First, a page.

“We live in a police state? No such luck… The Idiot Left are wrong: the police are powerless to stop our lives being blighted by rogue males.”
Arterial blood clings to Farrow & Ball paint as well as to any other. I learnt this one recent Saturday night.
At or about 8.05pm, having answered our front door to urgent knockings, I found myself simultaneously applying a tourniquet to a deeply slashed arm, calling 999, trying to keep the blood off ye olde F&B paintwork and attempting to marshall a swooning drunk (whom I knew to be just out of prison for a serious assault) away and on to the pavement, so that he could bleed there rather than in our garden - while all the while shouting to my partner and our three boys, in tones as seasonal and unstressed as I could muster, that no, it was not carol singers actually and that they should all just keep on watching The Incredibles (darling, just keep them inside, it's the neighbours again!)
Now, anyone exposed to the after-dinner jeremiads common at the groaning tables of our chattering classes might be forgiven for assuming that Britain is fast becoming a quasi-police state.
It is an article of belief among certain folk that the cops, given half a chance, would gleefully strip the hapless citizenry of its few remaining liberties (that there is no empirical evidence whatever in our history for this rather thrilling notion is neither here nor there to them).
The much more alarming truth is that in Brown's Britain, there is practically bugger-all that the police, however swift, helpful and sympathetic they are (and they are), can do to stop ghastly neighbours ruining people's lives.
Ours is the perfect middle-class nightmare. When we bought the place (from a smiling C of E cleric, no less), we paid the sort of buck-per-bang that, even in the Home Counties (which we're not), would normally guarantee that all-important child-friendly location, complete with parks, cafés, delis and suchlike in toddling distance.
All that we have.
Sadly, we also have, near by, a nest of bachelor alcoholics “well known to the police”.
Their house is privately owned. If the owner-occupier, a free-born Briton, wishes to lay out his benefits in drinking himself noisily to death there, that is his right. If he chooses the company of violent ex-convicts, who is to say him nay? If they appear at our door, blood-spattered, begging for policemen and ambulances to protect them against each other and their own stupidity, but thereafter elect neither to press charges nor mend their ways, what business is that of the overweening State's?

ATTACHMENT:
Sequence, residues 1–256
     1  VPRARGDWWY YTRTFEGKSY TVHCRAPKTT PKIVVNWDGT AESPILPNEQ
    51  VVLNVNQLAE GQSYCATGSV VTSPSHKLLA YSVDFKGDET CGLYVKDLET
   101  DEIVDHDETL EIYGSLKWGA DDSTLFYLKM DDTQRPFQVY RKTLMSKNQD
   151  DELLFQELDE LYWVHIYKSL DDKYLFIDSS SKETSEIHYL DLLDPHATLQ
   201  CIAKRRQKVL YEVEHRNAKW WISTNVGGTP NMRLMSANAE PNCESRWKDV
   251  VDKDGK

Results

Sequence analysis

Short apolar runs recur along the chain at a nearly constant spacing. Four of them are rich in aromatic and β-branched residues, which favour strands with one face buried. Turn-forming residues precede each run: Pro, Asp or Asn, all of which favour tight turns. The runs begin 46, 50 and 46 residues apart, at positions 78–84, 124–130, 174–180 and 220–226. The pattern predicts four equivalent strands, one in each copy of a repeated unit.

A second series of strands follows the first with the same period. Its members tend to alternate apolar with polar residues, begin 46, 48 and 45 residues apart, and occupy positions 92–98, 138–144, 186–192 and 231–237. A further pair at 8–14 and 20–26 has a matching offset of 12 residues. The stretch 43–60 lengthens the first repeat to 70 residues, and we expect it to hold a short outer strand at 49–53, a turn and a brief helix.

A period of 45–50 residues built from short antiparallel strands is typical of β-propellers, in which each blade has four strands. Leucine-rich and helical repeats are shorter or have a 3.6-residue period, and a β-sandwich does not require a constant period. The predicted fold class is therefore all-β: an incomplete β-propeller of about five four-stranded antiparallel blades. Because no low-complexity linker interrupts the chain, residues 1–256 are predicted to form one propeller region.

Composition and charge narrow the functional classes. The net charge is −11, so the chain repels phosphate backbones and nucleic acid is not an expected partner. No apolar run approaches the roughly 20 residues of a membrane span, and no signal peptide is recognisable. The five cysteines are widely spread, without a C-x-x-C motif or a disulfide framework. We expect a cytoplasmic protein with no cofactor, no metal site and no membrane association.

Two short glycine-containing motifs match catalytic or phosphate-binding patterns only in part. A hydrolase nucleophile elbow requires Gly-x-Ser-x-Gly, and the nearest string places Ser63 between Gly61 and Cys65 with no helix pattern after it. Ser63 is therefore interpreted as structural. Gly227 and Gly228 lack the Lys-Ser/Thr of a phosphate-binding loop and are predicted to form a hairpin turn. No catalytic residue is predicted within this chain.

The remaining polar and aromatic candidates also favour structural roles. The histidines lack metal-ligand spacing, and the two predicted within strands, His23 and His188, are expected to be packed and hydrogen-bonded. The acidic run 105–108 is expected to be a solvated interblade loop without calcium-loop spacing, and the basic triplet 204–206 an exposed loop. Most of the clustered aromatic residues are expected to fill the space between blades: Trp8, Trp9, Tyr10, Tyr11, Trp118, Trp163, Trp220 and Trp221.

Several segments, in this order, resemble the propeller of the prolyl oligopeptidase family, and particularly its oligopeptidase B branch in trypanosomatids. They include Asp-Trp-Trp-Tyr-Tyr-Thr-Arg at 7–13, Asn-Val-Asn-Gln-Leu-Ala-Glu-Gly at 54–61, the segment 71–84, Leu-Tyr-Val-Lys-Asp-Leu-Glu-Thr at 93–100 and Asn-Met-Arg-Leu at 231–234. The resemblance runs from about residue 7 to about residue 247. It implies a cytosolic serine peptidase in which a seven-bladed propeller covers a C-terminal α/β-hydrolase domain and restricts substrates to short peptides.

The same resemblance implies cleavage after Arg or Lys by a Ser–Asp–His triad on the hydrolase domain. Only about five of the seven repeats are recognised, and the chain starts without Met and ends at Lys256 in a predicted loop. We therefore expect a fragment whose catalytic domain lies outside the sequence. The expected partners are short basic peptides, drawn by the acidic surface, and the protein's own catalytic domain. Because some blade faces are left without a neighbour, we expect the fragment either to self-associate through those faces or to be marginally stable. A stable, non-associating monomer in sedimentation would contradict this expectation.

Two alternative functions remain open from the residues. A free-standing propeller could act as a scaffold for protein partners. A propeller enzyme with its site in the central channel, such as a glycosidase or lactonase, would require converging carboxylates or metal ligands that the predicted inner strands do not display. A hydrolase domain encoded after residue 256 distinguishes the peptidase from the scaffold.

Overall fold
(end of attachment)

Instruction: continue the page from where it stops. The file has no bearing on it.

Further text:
In less blessed countries, some local version of the Napoleonic Code would be swiftly visited upon them, citing the General Good - but not here.
My consolation is that this may all be poetic justice for the years I myself spent (horrid to admit, but true) insulting policemen, shouting Troops Out, baying at Arthur Scargill's every word and generally lambasting the Bourgeois State that had so viciously subsidised my four years at Oxford.
Dear God, if there is no special circle of hell reserved for we amoral young trots of the Eighties, divine justice is mocked!
But if our troubles are rare among the middle classes (and in my own case arguably deserved), for millions of decent working people the nasty proximity of rogue males, benefited up to the eyeballs, structurally violent, functionally illiterate and virtually beyond legal sanction, is a daily fact of life.
Pace the Idiot Left, “the Workers” and “the Minorities” are not different moral species, to be idolised or slummed with when the fancy takes one, whether in 1960's Notting Hill or modern Whitechapel (my dear, how unbourgeois, how real, how too, too vibrant!).
Decent working people of all colours and creeds are treacherously non-entertaining.
They want exactly the same as you or I would want in their places.
They want more police in their streets. Lots of them, freed from red tape, backed by courts that will ensure that dangerous males are swiftly convicted and effectively removed.
Well, that Saturday night one of our neighbours was indeed arrested pursuant to the arm-slashing of his ex-con drinking buddy. I doubt the charges will stick. The arterial blood did, though.
By the time the police left, regretfully but helplessly leaving us to what sounded like a convention in honour of that foul old priest from Father Ted, it had coagulated awkwardly within the mid-19th-century mouldings of our front door. A bugger to gouge out, F&B high-gloss finish or no. Arterial blood is hard to get off your path, too, until swilled and brushed away with copious buckets of hot Flash, when it takes on an extraordinarily neon-like pink colour as it steams away in the midnight gutter beneath the streetlights.
An unusual experience, as I say, for a middle-class person. But one all too familiar to millions of hard-working, child-rearing people living in unentertaining, unthrilling, unexotic communities far from NW3 that are daily blighted by the brutes within them - brutes that our own social policies have engendered and whose alleged rights our idiot commentators are so intent on defending.
Friday, 16 January 2009
I am, by dint of past employment, biased towards the police view on things. That is why I post the following that came from a serving police officer: